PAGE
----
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[Table 1] briefs the source of the outbreak and the transmissibility of the variants concerning each other. It gives technically brief and presents the most recent information on the critical elements of Omicron transmission and severity, with making differences with the common cold. There is currently limited available data on vaccine effectiveness for Omicron, and no peer-reviewed research seems available.

When it comes to COVID-19 and the common cold, a person can be infected for one or more days before experiencing disease symptoms. However, if a person has COVID-19, symptoms may take longer to appear than if they had a common cold. A COVID-19 infected person may be contagious for a more extended period than if they have a cold.[9] COVID-19 is found to have more spread events than the common cold. This means that the virus that causes COVID-19 can rapidly and readily spread to a large number of people, resulting in ongoing spread among people as time passes.[10] COVID-19 appears to cause more severe illnesses in older people, pregnant women, infants, and even children. Even healthy people can develop severe COVID-19 sickness, leading to hospitalization, or even death. Thus, this variant is quite different from the common cold viruses.

Therefore, individuals should use proven PHSM to lower their risk of the Omicron variant, such as wearing well-fitting masks, hand hygiene, physical distance, enhancing indoor ventilation, avoiding crowded locations, and being vaccinated. It should not be treated like a common cold infection.

Financial support and sponsorship


Conflicts of interest

There are no conflicts of interest.

  References Top

Collie S, Champion J, Moultrie H, Bekker LG, Gray G. Effectiveness of BNT162b2 vaccine against omicron variant in South Africa. N Engl J Med 2022;386:494-6.  Back to cited text no. 1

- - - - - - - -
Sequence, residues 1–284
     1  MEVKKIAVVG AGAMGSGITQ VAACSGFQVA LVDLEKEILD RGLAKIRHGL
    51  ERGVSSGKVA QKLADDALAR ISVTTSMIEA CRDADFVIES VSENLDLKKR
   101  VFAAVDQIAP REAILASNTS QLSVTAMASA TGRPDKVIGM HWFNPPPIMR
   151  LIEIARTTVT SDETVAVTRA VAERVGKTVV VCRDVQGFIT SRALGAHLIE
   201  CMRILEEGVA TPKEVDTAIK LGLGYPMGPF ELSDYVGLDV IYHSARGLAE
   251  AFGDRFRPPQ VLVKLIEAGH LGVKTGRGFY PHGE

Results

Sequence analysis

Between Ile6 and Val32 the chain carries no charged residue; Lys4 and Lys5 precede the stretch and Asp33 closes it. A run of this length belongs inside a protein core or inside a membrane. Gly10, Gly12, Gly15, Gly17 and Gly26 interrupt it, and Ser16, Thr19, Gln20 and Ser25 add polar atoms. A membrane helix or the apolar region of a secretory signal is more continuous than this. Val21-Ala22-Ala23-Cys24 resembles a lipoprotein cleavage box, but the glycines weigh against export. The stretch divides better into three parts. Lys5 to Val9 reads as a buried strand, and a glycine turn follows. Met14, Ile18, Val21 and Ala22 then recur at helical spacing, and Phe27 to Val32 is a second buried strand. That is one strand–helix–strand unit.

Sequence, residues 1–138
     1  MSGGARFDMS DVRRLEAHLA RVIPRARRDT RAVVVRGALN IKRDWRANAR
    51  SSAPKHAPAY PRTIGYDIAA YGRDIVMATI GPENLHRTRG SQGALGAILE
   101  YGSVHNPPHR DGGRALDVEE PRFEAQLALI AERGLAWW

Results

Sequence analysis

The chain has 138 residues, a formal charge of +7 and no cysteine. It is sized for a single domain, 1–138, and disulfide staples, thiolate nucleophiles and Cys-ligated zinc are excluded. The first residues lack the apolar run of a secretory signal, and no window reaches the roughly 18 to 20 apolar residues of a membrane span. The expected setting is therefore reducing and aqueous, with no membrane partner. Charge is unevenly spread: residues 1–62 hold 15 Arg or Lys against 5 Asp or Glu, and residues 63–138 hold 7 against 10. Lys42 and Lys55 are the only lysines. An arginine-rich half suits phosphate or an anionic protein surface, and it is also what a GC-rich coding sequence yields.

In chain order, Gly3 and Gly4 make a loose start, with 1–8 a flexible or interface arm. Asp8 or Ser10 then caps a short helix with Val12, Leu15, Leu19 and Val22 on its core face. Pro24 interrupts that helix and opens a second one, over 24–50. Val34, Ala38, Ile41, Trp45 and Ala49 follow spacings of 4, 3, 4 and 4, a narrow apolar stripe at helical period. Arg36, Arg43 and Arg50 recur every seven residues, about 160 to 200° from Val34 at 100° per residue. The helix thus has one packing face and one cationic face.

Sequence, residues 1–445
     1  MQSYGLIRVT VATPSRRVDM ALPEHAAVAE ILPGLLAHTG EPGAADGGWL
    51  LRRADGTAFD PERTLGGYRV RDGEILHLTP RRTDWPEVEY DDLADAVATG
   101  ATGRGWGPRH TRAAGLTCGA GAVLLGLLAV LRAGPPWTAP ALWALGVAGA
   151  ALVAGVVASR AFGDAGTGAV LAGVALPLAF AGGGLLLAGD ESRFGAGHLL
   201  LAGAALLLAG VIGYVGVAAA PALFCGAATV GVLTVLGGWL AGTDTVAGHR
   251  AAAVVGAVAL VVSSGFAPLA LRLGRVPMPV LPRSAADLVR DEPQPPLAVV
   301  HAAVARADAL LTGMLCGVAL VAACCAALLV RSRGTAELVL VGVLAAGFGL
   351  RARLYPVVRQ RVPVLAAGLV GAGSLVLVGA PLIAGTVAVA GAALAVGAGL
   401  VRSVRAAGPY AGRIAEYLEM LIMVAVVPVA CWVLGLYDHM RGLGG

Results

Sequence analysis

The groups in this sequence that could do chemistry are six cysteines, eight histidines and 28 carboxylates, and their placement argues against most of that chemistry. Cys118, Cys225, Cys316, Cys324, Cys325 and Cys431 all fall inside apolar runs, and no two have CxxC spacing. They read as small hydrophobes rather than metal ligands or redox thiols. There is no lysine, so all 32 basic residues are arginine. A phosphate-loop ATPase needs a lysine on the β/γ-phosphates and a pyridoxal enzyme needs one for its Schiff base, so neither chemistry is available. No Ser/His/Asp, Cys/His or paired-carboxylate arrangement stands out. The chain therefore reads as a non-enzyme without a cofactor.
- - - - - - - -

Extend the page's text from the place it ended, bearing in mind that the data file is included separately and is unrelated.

Nemet I, Kliker L, Lustig Y, Zuckerman N, Erster O, Cohen C, et al. Third BNT162b2 vaccination neutralization of SARS-CoV-2 omicron infection. N Engl J Med 2022;386:492-4.  Back to cited text no. 2
Lung Tissue Study Sheds Light on Fast Omicron Spread. Available from: https://www.cidrap.umn.edu/news-perspective/2021/12/lung-tissue -study-sheds-light-fast-omicron-spread. [Last accessed on 2022 Jan 22].  Back to cited text no. 3
SARS-CoV-2 Variants of Concern and Variants under Investigation in England. Available from: https://assets.publishing.service.gov.uk/government/uploads/system/uploads/attachment_data/file/1042367/technical_briefing-31-10-december-2021.pdf. [Last accessed on 2022 Jan 22].  Back to cited text no. 4
COVID: Is There a Limit to How Much Worse Variants Can Get? Available from: https://www.bbc.com/news/health-57431420. [Last accessed on 2022 Jan 22].  Back to cited text no. 5
Campbell F, Archer B, Laurenson-Schafer H, Jinnai Y, Konings F, Batra N, et al. Increased transmissibility and global spread of SARS-CoV-2 variants of concern as at June 2021. Euro Surveill 2021;26:2100509.  Back to cited text no. 6
Risk Assessment for SARS-CoV-2 variant Omicron (PDF) (Assessment). Public Health England. December 22 2021. GOV-10869. https://www.gov.uk/government/publications/investigation-of-sars-cov-2-variants-of-concern-variant-risk-assessments [Last accessed on 2021 Dec 23].  Back to cited text no. 7
Arroll B. Common cold. BMJ Clin Evid 2011;2011:1510.  Back to cited text no. 8
COVID-19 Treatment Guidelines Panel. Coronavirus Disease 2019 (COVID-19) Treatment Guidelines. National Institutes of Health. Available from: https://www.covid19treatmentguidelines.nih.gov/. [Last accessed on 2022 Jan 22].  Back to cited text no. 9
Centers for Disease Control and Prevention, National Center for Immunization and Respiratory Diseases (NCIRD). Similarities and Differences between Flu and COVID-19. Available from: https://www.cdc.gov/flu/symptoms/flu-vs-covid19.htm. [Last accessed on 2022 Jan 22].  Back to cited text no. 10


  [Table 1]